anders at aleph.se
Tue Oct 23 13:27:49 UTC 2012
On 22/10/2012 17:19, David Lubkin wrote:
>> (We suspect you've noticed that all those things that were predicted
>> to go
>> away are all still alive and well. So much for that prediction.)
Beautiful. Simply beautiful.
The big problem with predicting the future is that even when you get the
analysis right, it might still take far longer than you expect for it to
come true. I am reading a book on technology forecasting by Ayer from
1970 that among other things mentions the failure of "radar owens"
(microwaves), suggesting they were 'a flash in the pan'. No, it just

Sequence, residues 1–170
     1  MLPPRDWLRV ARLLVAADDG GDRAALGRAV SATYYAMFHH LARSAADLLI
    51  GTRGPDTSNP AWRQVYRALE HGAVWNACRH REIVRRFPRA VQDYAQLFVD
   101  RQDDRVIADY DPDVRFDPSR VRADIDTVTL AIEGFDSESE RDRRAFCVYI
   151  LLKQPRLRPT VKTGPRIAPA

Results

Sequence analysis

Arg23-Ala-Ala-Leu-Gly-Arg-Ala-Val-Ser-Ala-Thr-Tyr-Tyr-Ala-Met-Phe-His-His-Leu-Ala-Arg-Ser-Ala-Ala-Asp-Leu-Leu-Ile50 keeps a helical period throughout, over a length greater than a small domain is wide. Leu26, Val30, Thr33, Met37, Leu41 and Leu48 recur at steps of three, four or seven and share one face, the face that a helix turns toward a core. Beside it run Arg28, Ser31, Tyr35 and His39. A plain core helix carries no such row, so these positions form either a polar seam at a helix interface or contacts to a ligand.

took 15 years longer (and the introduction of the rotary plate) for them
to become ubiqitious.
(Ayer also skewers using performance curve envelopes in a way that
sounds perfectly applicable to Kurzweil critics today. All in all, a
pretty good book - reading old futurology books is always helpful, since
you can see what methods actually did make the right predictions and why. )
Future of Humanity Institute
Philosophy Faculty of Oxford University
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